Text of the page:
If you haven't heard of the Buffett Rule, you will. It's already emerging as one of the key themes of the presidential race, and if it isn't already known as the Romney Rule, it will be soon.
Conventional wisdom has always held that running class warfare against the rich doesn't work because middle-class Americans actually like (and aspire to be) rich people, and that the worst thing a presidential candidate could do is promise to raise taxes. In 1984, Vice President Mondale said that whoever the next president was would raise taxes. "He won't tell you. I just did." Great line. Great theater. Disastrous politics.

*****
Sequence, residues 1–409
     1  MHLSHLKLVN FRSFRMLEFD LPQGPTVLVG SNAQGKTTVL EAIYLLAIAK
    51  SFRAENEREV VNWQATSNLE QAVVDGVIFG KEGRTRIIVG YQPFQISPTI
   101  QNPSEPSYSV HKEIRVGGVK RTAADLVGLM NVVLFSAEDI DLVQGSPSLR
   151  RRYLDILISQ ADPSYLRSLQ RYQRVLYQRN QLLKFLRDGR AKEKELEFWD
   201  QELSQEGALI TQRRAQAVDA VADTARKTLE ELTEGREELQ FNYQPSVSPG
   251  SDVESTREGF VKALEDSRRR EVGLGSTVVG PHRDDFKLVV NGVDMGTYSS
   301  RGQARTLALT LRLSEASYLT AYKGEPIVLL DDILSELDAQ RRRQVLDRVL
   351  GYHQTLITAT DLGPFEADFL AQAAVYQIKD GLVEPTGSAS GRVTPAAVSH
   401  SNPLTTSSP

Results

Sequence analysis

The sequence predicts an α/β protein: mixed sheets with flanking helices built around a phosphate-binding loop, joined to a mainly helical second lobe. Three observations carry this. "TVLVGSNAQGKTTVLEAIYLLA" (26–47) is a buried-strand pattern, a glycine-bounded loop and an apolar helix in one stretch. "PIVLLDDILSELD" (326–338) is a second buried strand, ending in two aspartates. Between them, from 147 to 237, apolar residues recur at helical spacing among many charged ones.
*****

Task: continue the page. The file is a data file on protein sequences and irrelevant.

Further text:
But that was then. Ronald Reagan never seemed like a rich guy, even though his friends were. The economy was in full-blown recovery. People still believed you could cut taxes, increase defense spending and balance the budget -- even though the deficit was already ballooning.
This is now. The rich have gotten richer, and they pay a lower percentage of their income in taxes than middle-class voters. I'm not exactly sure how they do it, but billionaire Warren Buffett pays a lower percentage than his secretary. And Mitt Romney pays a lower percentage than my secretary.